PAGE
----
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My son loves tomato sauce so I hide veggies in anything with tomatoes to overpower the other flavours. Blend greens into spaghetti sauce, or hide tiny bits in lasagnes and chills. The blender is your friend <img alt="" class="inlineimg" src="/images/smilies/grin.gif" style="border:0px solid;" title=":D">
 

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19 months is plenty old enough to expect them to eat what you give them. You don't have to make a big deal out of it or force them to eat it.
 

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<div class="quote-container"><span>Quote:</span>
<div class="quote-block">Originally Posted by <strong>danakscully64</strong> <a href="/forum/post/3079667"><img alt="View Post" class="inlineimg" src="/img/forum/go_quote.gif" style=""></a><br><br>
A 1 year old? Yeah, good luck with that.</div>
</div>
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Been there, done that.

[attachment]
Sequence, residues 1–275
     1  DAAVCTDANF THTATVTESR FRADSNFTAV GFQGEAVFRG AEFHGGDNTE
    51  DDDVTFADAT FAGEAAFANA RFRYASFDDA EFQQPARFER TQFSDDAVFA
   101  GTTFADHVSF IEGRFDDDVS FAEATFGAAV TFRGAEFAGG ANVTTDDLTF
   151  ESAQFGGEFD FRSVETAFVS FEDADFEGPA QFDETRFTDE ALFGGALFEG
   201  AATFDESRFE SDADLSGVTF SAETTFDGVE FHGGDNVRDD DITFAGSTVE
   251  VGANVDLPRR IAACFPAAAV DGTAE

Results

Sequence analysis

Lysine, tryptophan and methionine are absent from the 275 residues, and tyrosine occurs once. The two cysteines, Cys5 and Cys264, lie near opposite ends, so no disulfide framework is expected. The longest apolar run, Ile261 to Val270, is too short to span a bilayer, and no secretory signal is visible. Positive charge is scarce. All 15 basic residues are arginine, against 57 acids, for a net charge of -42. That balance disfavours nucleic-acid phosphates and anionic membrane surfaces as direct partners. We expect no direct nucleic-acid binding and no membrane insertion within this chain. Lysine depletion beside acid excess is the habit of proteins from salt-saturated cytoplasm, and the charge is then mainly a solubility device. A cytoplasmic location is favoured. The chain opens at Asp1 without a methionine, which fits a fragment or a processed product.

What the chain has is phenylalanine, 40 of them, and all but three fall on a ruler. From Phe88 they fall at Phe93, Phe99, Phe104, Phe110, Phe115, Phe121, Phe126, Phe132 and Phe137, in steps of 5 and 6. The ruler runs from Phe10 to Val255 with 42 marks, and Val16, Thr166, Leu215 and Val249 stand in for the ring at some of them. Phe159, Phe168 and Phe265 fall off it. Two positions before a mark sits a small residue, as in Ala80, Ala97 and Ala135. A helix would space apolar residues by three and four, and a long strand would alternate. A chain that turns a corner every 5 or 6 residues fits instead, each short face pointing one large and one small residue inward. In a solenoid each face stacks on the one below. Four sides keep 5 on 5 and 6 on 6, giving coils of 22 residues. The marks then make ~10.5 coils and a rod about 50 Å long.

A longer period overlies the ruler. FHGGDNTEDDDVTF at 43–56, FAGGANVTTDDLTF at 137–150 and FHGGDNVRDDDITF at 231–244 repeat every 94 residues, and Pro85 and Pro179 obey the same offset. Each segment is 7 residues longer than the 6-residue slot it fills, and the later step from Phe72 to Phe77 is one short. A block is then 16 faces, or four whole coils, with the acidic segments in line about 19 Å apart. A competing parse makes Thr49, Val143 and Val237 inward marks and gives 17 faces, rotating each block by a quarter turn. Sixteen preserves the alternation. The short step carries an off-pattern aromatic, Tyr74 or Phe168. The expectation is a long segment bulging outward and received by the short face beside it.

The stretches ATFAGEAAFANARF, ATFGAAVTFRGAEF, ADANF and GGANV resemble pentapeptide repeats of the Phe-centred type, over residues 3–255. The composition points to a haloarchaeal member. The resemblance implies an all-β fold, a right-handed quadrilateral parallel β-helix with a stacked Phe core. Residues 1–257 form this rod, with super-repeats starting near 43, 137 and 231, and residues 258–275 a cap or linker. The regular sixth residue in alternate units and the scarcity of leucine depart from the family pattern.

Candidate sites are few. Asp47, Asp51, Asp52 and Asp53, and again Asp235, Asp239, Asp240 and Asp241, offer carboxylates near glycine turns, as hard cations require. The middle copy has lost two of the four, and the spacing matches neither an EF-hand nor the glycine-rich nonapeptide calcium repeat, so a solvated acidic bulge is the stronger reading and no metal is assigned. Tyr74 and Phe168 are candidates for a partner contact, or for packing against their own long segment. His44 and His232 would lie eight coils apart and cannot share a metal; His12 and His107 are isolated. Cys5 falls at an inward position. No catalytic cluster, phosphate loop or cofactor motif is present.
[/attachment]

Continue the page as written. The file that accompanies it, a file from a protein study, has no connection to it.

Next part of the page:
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Yeah, and I've talked to parents who did that who had children fail to thrive because the child would rather go hungry than eat food that wasn't appetizing to them.
 

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<div class="quote-container"><span>Quote:</span>
<div class="quote-block">Originally Posted by <strong>danakscully64</strong> <a href="/forum/post/3079679"><img alt="View Post" class="inlineimg" src="/img/forum/go_quote.gif" style=""></a><br><br>
Yeah, and I've talked to parents who did that who had children fail to thrive because the child would rather go hungry than eat food that wasn't appetizing to them.</div>
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Not normal, though if they truly would rather starve then kid wins that round, lol.
 

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I wouldn't say it's not normal, I think it just depends on many personality and taste bud factors. If something truly tastes horrible to a child, it's cruel to make them eat it. Or they might have issues with the texture. I know someone with severe food issues, I wouldn't want to push my kid in that direction.